Espgaluda is a spiritual member of the series and acts as a prequel of sorts, but you have to give me a little slack because I don’t speak Japanese and I’m piecing together a plot and game that aren’t often covered. From what I can tell it explains the story of a queen of a small and peaceful village that has special powers incredibly similar to the ones we saw in ESP Ra.De. and the king has begun experimentation to extract and implement her powers in others. At the core of this are his two children whom he infuses the powers to at a young age for the sake of conquering. Trouble begins when a senior scientist moves the kids away to an isolated location in an attempt to give them a normal life. Eventually they are found, the scientist father figure is killed for his treachery, and the kids attack the town of their father with newfound powers unleashed.
This is the world you are dropped into with Espgaluda, which is unlike many shmups of its type. First of all most of the enemies are organicand the whole world has this steampunk feel of technology fused with semi- medieval aesthetics. Like its spiritual predecessor, the barrier system joins the ranks allowing you to protect yourself against oncoming bullets, especially when those crazy danmaku patters explode across the screen. The barrier may be less necessary than you think, though, because the game has a power mode that slows down its pace and enters a sort of slow-mo or “bullet time” mode when you get bombarded. This is great for those newer to the genre that need to get used to the pattern weaving required to succeed in bullet hell shmups. Not only that, but your barrier automatically absorbs bullets, unleashing a mighty auto-attack once you soak up enough, and your attacks get super charged. It’s one hell of a mode to say the least, especially because you change genders completely (although with all the Japanese I can’t understand the explanation is lost on me and it doesn’t look like the brother turns into the sister or visa versa but perhaps that’s what it is).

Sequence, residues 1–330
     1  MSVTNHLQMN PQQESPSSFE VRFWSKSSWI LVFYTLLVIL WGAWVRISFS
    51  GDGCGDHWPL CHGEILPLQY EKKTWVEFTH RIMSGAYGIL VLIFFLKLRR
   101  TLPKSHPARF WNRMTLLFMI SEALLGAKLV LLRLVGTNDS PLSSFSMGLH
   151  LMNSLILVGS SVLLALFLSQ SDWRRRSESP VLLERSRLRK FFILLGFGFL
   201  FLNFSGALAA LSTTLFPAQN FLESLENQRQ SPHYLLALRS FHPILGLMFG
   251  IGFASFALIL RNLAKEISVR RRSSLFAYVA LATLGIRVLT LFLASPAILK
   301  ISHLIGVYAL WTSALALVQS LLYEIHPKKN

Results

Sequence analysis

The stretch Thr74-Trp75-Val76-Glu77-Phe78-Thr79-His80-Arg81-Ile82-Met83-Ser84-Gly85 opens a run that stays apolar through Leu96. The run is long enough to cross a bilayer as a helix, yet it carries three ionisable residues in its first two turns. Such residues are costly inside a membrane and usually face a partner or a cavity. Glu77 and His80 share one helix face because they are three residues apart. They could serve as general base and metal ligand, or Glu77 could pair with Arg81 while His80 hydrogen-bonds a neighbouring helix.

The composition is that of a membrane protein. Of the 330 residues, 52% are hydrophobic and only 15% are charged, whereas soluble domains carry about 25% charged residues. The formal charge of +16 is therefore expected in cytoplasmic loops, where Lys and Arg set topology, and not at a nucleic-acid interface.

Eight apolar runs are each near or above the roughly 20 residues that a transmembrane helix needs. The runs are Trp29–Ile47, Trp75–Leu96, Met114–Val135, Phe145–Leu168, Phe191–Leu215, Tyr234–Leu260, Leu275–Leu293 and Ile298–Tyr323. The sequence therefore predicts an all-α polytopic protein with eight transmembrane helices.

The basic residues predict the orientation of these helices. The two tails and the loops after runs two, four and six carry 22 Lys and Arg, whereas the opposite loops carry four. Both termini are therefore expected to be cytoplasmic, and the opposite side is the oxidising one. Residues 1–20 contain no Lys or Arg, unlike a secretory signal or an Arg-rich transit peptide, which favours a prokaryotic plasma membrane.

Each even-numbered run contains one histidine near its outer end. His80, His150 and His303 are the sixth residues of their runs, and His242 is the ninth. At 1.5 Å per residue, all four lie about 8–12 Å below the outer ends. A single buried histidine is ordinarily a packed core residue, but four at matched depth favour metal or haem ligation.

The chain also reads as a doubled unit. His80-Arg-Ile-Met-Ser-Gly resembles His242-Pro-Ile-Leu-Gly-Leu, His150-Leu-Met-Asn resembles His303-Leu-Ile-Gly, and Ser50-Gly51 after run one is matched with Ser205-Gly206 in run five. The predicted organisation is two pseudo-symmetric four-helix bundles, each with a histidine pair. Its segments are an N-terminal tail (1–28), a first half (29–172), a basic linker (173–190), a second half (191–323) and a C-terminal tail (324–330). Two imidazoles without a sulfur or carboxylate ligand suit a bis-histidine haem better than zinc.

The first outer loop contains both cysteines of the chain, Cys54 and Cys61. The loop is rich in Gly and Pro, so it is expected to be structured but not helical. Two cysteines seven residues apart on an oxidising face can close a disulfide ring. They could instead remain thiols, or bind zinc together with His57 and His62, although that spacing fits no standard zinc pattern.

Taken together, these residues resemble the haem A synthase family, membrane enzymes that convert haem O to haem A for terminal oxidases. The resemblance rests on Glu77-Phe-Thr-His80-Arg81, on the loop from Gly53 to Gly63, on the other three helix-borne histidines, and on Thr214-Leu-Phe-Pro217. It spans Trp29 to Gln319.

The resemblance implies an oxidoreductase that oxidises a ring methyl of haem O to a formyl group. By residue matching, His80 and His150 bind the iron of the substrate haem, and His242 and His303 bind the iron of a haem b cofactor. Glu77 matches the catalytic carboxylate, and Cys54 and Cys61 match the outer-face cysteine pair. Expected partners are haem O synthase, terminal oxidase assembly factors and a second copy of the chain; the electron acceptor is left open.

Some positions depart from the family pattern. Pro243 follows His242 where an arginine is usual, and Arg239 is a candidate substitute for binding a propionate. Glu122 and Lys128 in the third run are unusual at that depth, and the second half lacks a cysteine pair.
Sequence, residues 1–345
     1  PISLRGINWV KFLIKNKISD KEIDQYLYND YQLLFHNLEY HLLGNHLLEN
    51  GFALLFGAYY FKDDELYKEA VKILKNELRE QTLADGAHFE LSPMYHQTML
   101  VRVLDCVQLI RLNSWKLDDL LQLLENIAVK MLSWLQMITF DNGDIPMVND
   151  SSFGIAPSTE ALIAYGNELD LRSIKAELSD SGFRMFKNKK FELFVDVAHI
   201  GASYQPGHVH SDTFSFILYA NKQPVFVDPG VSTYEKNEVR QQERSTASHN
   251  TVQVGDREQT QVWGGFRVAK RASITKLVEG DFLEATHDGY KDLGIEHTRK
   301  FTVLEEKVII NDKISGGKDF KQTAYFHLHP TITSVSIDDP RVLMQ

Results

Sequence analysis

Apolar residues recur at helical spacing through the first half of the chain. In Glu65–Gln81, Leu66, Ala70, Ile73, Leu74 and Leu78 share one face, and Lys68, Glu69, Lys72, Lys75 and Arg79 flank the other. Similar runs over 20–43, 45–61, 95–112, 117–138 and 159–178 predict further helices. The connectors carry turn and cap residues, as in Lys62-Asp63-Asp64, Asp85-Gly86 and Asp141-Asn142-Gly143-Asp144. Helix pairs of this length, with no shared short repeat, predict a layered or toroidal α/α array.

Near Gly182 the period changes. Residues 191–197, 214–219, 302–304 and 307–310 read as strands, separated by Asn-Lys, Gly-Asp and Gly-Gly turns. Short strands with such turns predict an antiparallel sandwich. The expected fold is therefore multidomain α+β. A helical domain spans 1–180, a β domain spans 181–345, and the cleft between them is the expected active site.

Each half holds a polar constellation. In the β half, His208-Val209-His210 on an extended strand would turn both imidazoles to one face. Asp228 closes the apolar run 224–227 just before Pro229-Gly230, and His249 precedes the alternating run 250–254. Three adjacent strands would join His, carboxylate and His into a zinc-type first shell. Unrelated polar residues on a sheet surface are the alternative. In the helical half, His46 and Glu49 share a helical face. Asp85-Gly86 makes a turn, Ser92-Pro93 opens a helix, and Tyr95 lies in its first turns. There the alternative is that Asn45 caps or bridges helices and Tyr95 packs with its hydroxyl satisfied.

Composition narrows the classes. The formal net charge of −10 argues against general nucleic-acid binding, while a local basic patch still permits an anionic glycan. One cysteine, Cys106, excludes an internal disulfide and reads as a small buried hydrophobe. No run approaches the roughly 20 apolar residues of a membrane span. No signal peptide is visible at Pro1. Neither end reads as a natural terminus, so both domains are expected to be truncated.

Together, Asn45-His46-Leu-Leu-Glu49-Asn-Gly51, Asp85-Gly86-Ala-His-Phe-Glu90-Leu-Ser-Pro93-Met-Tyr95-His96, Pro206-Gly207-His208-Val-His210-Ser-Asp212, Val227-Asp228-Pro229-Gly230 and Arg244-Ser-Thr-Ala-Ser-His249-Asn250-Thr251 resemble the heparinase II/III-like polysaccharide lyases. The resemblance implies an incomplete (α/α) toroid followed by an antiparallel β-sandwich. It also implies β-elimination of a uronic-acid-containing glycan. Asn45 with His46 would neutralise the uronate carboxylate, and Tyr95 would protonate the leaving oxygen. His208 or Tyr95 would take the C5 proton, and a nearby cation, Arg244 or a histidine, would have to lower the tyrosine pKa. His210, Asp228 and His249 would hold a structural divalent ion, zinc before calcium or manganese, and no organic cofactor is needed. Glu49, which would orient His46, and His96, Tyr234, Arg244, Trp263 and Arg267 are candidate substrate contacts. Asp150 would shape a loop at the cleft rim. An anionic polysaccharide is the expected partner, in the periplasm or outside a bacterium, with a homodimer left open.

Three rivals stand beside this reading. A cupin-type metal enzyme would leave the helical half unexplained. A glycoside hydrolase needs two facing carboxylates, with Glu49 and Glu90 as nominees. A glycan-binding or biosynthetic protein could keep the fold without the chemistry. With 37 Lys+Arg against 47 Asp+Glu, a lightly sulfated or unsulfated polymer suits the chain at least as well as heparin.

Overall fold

Either way it’s a new take on a classic genre that truthfully is a great place to start if you’re not big on shmups or are tired of not making it past the first level. Of course the tragedy is that the game was only released in Japan, but if you’re into importing or know how to access a MAME copy you should be good to go. While I must admit that it doesn’t diverge too far from a Cave shooter across the board, I like the lush and vibrant colors of the game and the training wheels its various options support. Hardcore shump fans don’t need to worry too much, though, because there are many difficulties and the game is still tough as nails even with these various options in place. I must admit, though, that with this title in the back pocket it shocks me that much more niche shooters like Otomedius and even Cave’s Deathsmiles made it to the US and Espgaluda (and its sequel on the 360) have remained locked away in the East. Perhaps the vertical perspective that wastes a large percentage of the screen is to blame?